Despite the COVID-19 outbreak, the central government’s fund for poverty alleviation had not been cut, but instead added up to 146.1 billion yuan ($22.9 billion), according to a government budget report. 

The government provided free elementary education for all children and financed road construction to strengthen rural connectivity, and also spent a lot on projects to bring electricity and clean water to rural areas, Indian experts noted. 

There was determination on the part of local officials, district officials and township officials to bring new businesses, new jobs and new infrastructure in the lagging regions,  said B. R. Deepak, a professor at the JNU’s Centre for Chinese and Southeast Asian Studies.  

Since late 2012, China has sent over 3 million civil servants to impoverished counties to help reduce poverty, and more than 1,800 people sacrificed their lives while fighting on the frontlines in the anti-poverty fight, according to government records. 

Relocating millions of people from remote villages into apartment complexes is one of the important tasks carried out by government officials to wipe out poverty, said Avijit Banerjee, a professor of Chinese language and Culture at Visva-Bharati University in India’s West Bengal state.  

Sometimes these were built in towns and cities, but sometimes new villages were built near the old ones, said Banerjee.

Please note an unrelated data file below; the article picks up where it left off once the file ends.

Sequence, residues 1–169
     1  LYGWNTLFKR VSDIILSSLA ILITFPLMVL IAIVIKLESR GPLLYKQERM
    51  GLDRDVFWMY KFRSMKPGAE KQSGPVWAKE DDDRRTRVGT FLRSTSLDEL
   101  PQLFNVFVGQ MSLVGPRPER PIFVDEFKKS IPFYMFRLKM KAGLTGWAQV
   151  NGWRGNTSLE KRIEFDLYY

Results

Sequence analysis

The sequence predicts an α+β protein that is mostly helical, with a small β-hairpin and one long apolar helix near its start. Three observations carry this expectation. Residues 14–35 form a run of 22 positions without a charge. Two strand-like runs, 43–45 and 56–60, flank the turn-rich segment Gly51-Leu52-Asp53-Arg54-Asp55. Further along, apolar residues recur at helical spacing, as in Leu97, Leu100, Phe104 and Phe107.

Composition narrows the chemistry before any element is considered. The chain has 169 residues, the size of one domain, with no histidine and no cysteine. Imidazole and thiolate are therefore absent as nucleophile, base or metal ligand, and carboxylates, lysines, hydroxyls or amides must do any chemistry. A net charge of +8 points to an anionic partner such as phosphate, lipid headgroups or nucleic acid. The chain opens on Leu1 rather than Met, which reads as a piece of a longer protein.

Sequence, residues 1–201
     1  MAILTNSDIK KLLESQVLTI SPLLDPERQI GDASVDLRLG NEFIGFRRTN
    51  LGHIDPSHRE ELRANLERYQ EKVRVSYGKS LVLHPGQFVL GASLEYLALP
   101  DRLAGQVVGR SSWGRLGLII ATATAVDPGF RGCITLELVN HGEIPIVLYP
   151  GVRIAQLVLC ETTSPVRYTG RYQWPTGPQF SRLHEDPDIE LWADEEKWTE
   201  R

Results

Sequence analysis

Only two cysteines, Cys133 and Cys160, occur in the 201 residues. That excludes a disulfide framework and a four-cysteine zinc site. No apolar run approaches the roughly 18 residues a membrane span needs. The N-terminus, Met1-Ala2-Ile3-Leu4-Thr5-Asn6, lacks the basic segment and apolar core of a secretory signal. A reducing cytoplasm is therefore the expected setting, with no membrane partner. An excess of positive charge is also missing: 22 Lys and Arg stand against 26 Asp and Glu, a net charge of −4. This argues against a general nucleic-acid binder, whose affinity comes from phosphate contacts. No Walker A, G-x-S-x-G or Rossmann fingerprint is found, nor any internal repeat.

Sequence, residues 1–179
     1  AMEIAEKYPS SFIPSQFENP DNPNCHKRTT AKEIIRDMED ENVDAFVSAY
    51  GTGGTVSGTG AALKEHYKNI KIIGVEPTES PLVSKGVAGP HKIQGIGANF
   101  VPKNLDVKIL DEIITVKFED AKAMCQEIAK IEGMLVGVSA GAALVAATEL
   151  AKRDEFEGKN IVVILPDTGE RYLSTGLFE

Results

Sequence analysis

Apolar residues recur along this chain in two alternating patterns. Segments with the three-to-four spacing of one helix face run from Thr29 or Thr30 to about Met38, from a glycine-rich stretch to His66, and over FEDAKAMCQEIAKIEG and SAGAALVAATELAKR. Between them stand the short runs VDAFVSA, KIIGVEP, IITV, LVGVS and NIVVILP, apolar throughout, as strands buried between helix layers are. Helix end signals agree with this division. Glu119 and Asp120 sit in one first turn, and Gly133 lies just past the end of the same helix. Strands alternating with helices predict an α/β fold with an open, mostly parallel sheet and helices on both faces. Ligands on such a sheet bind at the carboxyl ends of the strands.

China had completed the construction of over 2.66 million houses to resettle 9.6 million impoverished people during the 13th Five-year Plan period (2016-20), according to the National Development and Reform Commission, China’s top economic planning agency. 

Speaking at the Asia-Pacific Economic Cooperation CEO Summit in November 2017, President Xi, who is also general secretary of the Communist Party of China Central Committee, said: "I have spent more energy on poverty alleviation than on anything else."  

China's success in eradicating extreme poverty is founded on three powerful principles: CPC leadership, commitment, and CPC mobilization, said Nilotpal Basu, a former member of the Indian parliament and Politburo member of the Communist Party of India (Marxist).  

Despite varied circumstances in different countries, China's poverty alleviation efforts provide valuable lessons for developing countries across the globe, Basu said. 

The writer is a freelance journalist for China Daily.